Jesus, in the Parable of the Wedding Feast, gives us what is for us the most important invitation we will ever receive, to come to the feast. The invitation is for Eternal Joy, yet many make excuses not to attend. Join us this week as we look at the most important invitation.
Church members and friends can support St. John's By-the-Sea by visiting our website https://www.stjohnsbythesea.com/donate, where a donation can be made by PayPal or credit card, if you prefer that to mailing your donations to the church.
The Parable of the Wedding Banquet
Good Morning! There are parables, like the Shrewd Manager, which are confusing without cultural background, and the Prodigal Son, which has many different applications. Today we have what I think is Jesus most complete and clear parable, and I hope to walk thru it and actually not surprise you at all. This Parable includes every single person on earth who has ever lived, is living, or who will ever live, including all of us.
This parable looks back at God’s Plan of Redemption and forward to our Glorious Hope. And one of the hard things this parable shares is a terrifying Prophecy Jesus made, which was fulfilled when Jerusalem and its Temple were destroyed in AD 70, our Sunday School last Spring.
This is another passage which comes from the Tuesday or Wednesday before the Crucifixion, in between his arguments with the Chief Priests and the Pharisees. Jesus tells this parable to put everyone on notice that there is no neutrality with God. We either joyfully worship our creator - enjoy His fellowship, or we reject Him- there is no in-between!
And again Jesus spoke to them in parables, saying, 2 “The kingdom of heaven may be compared to a king who gave a wedding feast for his son, 3 and sent his servants to call those who were invited to the wedding feast, but they would not come.
Right away, we know the characters. The King is God the Father. And the Father wants to throw a Great Wedding Banquet for His Son, who represents Jesus.
And here is the Gospel if you didn’t catch it. God the Father is lovingly inviting people to a Wedding Banquet. Not a life of slavery. We are not Allah’s slaves, as Islam teaches, or his busy servants who either keep busy or won’t get to Heaven, as JW and Mormonism teach.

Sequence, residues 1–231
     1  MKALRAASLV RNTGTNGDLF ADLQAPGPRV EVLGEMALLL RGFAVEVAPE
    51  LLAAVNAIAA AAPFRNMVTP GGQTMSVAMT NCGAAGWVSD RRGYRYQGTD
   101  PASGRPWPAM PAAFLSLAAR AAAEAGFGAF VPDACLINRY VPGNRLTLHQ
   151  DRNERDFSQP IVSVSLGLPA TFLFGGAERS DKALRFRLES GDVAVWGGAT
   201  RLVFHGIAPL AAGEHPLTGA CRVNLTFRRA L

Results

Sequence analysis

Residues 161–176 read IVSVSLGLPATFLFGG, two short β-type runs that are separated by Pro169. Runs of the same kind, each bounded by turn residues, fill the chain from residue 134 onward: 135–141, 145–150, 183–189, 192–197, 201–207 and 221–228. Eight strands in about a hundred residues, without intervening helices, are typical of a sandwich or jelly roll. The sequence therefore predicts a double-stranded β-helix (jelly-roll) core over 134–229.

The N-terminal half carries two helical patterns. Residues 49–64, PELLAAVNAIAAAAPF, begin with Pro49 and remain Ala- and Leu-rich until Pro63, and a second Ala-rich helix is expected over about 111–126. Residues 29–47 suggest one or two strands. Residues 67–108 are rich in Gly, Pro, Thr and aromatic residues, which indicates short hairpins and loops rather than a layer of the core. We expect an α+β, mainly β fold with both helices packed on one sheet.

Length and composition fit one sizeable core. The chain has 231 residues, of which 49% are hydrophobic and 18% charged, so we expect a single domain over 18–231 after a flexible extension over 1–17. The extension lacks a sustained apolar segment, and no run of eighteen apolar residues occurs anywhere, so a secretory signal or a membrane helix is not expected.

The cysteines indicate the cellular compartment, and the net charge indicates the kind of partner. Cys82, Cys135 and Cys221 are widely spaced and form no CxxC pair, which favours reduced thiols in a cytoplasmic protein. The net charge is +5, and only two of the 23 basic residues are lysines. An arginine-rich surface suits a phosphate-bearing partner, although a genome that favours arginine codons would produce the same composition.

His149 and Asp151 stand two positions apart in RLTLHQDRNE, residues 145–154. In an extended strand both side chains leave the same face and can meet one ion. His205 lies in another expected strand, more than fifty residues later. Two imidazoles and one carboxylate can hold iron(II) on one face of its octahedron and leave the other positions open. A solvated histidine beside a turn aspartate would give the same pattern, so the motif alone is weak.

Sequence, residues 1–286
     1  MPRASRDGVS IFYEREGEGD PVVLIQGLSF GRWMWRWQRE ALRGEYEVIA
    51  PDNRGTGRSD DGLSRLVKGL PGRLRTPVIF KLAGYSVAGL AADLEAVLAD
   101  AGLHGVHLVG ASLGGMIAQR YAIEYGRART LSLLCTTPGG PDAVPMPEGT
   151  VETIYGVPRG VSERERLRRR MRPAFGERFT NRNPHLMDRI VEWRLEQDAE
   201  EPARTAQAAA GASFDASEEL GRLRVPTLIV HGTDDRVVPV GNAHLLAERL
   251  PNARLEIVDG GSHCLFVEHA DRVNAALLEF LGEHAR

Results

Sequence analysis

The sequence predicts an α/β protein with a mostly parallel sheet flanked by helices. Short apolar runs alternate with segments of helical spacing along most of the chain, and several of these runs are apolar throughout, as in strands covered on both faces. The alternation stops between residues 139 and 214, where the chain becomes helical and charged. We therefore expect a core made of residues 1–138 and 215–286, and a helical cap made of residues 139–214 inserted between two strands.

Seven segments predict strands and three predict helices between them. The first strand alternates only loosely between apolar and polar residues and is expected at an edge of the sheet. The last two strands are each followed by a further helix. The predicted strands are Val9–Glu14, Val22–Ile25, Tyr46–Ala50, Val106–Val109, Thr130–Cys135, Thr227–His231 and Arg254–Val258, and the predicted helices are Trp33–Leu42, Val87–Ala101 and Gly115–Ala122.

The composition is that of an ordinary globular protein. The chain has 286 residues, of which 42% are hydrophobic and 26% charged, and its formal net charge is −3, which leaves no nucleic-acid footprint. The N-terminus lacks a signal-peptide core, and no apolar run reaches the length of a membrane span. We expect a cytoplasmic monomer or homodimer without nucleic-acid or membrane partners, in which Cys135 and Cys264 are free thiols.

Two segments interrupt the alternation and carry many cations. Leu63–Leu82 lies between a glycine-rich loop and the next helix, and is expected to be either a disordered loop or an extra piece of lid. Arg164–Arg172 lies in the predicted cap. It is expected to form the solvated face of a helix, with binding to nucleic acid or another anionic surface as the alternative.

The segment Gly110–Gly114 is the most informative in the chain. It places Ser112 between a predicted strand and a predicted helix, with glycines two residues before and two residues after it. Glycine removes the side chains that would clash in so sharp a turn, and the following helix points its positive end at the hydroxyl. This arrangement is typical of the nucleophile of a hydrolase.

4 Again he sent other servants, saying, ‘Tell those who are invited, “See, I have prepared my dinner, my oxen and my fat calves have been slaughtered, and everything is ready. Come to the wedding feast.”’
We are guests lovingly invited to the wedding feast by the king. In fact, Scripture teaches that the church is Christ’s Bride. God’s call to us may include labor in the short term, wedding preparations are difficult, but ultimately is a call to an Eternal Wedding Feast.
Now, at that time in Israel, wedding feasts could take place for up to 7 days. Just imagine that type of preparation! That’s the standard wedding feast though, not a King’s banquet. Esther begins like this:
Now in the days of Ahasuerus,… who reigned from India to Ethiopia … 3 in the third year of his reign he gave a feast for all his officials and servants. The army … and the nobles and governors … were before him, 4 while he showed the riches of his royal glory and the splendor and pomp of his greatness for 180 days.
And I don’t think God will be outdone by a Pagan King.
Though the words are few, Christ tries to describe the lavishness and wonder of the feast God has prepared. Oxen and Fatted Calves.
After getting rid of the inedible parts, the average cow can feed a family of 4 for months. The lavishness show the wonders God has for us.
Since there were no refrigerators, invitations went out FAR in advance, asking for an RSVP, which these people sent back. But when the final invitation comes, they reject the king.